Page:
What is a grease trap (also known as a grease interceptor, grease recovery device and grease converter)? It is a plumbing device designed to intercept most greases and solids before entering a waterwaste disposal system.  Wastewater contains small amounts of oils which enter into treatment facilities and septic tanks that form a floating scum layer.  A scum layer is slowly broken down and digested by microorganisms in the anaerobic digestion process.  Large amounts of oil from food preparation in restaurants can overwhelm a treatment facility or septic tank, causing the release of untreated sewage into the environment.  High-viscosity fats and cooking grease, such as lard, turn into solids when cooled.  When these solids combine with other disposed solids, the drain pipes block.

Grease traps have been in use since Victorian days. Nathaniel Whiting obtained the first grease trap patent in the late 1800’s.  “These reduce the amount of fats, oils and greases (FOGS) that enter sewers.  They are boxes within the drain that flow between the sinks in a kitchen into the sewer system.  They only have kitchen wastewater flowing through them, and do not serve any other drainage system, such as toilets.”1   They can be made in many different materials, such as plastic, stainless steel, concrete and cast iron.  They can be located above or below ground, inside a kitchen, or outside a building.

SafeSourcing regularly sources Grease Traps for a variety of businesses. For more information on SafeSourcing and how we can help you with your sourcing needs, or on our Risk Free trial program, please contact a SafeSourcing Customer Service representative. We have an entire team ready to assist you today.

Sources

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1 https://en.m.wikipedia.org/wki/Grease.trap#Uses

 

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Believe Me, You could be improving your profitability by up to 73%.

Monday, October 16th, 2017

 

Today’s post is by Ron Southard, CEO at SafeSourcing.

I would be glad to personally discuss this premise with any Retail CEO or CFO that wants to challenge it!

Let’s review exactly what a reverse auction is, how simple they are to use and the potential financial benefits?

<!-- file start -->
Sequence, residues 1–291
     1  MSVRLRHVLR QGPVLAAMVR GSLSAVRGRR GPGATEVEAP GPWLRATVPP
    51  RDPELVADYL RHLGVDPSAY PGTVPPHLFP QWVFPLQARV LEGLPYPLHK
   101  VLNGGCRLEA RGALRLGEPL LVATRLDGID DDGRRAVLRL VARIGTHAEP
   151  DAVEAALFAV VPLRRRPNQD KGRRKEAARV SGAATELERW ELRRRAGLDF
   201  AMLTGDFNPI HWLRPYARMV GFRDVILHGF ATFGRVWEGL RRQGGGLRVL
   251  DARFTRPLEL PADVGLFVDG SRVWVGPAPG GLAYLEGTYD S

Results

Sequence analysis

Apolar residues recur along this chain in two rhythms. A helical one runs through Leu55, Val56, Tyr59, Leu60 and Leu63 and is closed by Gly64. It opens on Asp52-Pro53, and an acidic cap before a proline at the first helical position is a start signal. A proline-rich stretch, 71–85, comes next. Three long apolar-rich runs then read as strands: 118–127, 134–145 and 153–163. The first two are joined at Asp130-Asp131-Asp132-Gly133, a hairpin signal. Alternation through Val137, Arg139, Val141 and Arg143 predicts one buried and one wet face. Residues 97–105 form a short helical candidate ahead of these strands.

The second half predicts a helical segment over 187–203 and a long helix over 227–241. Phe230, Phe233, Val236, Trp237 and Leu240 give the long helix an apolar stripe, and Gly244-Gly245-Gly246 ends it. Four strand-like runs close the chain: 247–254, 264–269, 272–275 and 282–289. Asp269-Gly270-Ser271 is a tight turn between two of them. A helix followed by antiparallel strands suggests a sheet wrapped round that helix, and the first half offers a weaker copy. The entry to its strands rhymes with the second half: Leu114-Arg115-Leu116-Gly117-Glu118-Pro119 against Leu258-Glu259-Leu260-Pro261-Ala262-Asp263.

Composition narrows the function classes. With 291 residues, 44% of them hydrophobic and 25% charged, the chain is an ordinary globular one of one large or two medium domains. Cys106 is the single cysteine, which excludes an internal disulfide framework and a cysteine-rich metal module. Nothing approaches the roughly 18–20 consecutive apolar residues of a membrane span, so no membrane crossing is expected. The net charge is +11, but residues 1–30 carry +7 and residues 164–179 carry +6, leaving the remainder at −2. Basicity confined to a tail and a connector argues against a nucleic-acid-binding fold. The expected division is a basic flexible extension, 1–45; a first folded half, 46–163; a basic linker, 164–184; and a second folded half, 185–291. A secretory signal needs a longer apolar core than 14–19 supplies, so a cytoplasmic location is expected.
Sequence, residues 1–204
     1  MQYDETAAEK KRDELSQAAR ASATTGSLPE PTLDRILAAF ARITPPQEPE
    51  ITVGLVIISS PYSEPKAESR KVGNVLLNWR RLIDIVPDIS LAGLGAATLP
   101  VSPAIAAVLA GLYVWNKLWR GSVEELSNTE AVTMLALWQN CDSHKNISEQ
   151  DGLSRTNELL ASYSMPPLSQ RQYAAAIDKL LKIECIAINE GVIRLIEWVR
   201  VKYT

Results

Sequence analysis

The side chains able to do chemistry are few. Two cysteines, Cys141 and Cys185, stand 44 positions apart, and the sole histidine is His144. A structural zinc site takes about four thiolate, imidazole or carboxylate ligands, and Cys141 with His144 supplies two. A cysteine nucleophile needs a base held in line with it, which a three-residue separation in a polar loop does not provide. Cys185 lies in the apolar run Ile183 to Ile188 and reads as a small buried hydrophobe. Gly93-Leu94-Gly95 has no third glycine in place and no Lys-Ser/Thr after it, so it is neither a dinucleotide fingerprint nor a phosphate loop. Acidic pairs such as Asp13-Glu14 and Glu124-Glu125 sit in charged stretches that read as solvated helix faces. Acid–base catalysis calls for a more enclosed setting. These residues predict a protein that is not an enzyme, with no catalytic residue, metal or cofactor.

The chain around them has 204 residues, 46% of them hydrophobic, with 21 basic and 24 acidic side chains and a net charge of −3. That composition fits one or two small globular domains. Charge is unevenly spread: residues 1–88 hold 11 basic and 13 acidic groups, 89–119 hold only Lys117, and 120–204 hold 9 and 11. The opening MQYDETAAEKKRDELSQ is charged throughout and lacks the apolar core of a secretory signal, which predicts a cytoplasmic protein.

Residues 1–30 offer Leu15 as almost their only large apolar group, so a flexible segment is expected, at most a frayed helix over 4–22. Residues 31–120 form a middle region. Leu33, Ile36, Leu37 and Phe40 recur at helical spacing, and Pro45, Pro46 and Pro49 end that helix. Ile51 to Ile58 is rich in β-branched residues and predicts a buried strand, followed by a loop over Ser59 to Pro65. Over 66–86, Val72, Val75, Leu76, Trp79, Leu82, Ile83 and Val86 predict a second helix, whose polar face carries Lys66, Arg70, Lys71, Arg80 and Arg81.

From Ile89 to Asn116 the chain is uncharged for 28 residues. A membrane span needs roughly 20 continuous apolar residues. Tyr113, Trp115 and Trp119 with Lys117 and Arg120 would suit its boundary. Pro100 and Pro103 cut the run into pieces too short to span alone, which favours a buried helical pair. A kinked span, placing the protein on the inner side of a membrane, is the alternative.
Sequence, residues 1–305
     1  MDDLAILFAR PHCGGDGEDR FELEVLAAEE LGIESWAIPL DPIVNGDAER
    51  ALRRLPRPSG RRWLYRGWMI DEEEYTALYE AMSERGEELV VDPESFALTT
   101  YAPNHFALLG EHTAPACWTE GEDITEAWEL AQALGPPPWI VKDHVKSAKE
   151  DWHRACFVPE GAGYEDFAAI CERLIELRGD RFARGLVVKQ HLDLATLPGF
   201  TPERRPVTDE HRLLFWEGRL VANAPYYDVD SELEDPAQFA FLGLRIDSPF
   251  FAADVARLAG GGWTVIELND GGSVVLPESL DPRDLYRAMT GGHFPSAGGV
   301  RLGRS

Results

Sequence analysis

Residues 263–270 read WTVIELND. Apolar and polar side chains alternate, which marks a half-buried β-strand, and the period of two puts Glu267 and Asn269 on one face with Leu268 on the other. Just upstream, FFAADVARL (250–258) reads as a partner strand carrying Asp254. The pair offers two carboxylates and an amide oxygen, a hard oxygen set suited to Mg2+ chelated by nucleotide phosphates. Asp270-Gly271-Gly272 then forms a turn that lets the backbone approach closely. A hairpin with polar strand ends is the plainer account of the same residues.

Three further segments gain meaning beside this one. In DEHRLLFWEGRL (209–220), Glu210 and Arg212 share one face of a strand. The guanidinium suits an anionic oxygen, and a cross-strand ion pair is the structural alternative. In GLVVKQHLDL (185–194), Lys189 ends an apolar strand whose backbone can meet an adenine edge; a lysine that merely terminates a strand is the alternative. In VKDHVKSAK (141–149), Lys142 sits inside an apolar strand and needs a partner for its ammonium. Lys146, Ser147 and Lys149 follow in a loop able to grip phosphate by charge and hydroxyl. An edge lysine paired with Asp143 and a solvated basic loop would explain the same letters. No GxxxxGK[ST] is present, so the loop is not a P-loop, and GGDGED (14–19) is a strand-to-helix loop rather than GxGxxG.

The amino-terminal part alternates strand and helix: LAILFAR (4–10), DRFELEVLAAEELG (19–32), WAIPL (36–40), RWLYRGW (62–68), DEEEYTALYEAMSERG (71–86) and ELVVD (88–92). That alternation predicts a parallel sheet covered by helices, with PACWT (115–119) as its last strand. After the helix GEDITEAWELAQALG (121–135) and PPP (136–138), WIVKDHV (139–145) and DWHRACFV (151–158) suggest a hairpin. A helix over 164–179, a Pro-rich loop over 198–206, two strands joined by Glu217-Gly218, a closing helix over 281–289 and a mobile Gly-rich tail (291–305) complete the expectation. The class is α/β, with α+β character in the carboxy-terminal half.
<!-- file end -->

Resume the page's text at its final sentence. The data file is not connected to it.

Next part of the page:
Reverse auctions are web based  or Software as a Service (SaaS) tools that let retailers and other companies find the best suppliers for any resale or not for resale product or service they wish to source.  Using a web based reverse auction tool, retailers, other business or even large holding companies can locate and invite many more suppliers to take place in reverse auctions than they could possibly find or manage using traditional sourcing methodologies or even tools like BING or Google. During the reverse auction they can review on one screen all of the responses from suppliers, data about the suppliers, notes from the suppliers, product specifications and other necessary information in an instant. Upon auction conclusion which is typically less than 30 minutes including extensions host companies can review potential savings scenarios and award business right from their desktop. Sound simple? That’s because it is.

Now let’s get to the simple financial benefits. Let’s assume a $150M smaller Retail Company with industry average earnings of one percent or $1.5M. Additionally cost of goods for this company is 70 percent or $105M. Let’s also assume this company were to only source ten percent of their for resale goods spend or roughly $11M. With well below industry average savings of just ten percent, total savings generated would be $1.1M which is a direct impact to net profitability. If all other segments of the P&L perform to plan and all savings are recovered during the same business calendar year net profitability would increase to $2.6M or a 73% improvement.  Again this assume no tributes to Caesar or other funny accounting associated with new capital plans and the like

So, why don’t many companies use reverse auctions and other e-procurement tools? That’s a great question! Maybe someone out there has an answer.

If this author were you, I just could not ignore this type of opportunity.

If you’d like some examples of the types of savings SafeSourcing can generate for you by size of spend and category, please contact a SafeSourcing customer services account manager.

We look forward to and appreciate your comments.

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The Central Procurement Function!

Thursday, October 12th, 2017

 

Today’s post is from Ron Southard, CEO at SafeSourcing Inc.

As you can imagine the answer to this question could actually be pages in length. However the following is directionally correct based on the question and minus the organizational structure and alignment.

The Central Procurement Function in responsible for the procurement of goods, services and capital projects by an authorized group within a company’s hierarchy. Central procurement in a best case scenario includes the financial decision making authority specific to that procurement on behalf of the entire company for reuse or resale from an approved list of vendors or suppliers. In some cases the budget for a specific spend may reside within another functional area  where central procurement collaborates and negotiates on behalf of that areas subject matter experts but the subject matter experts approve the final vendor selection.  In the case of manufacturing company’s  this function also includes the purchase of commodities used in the manufacture of finished goods.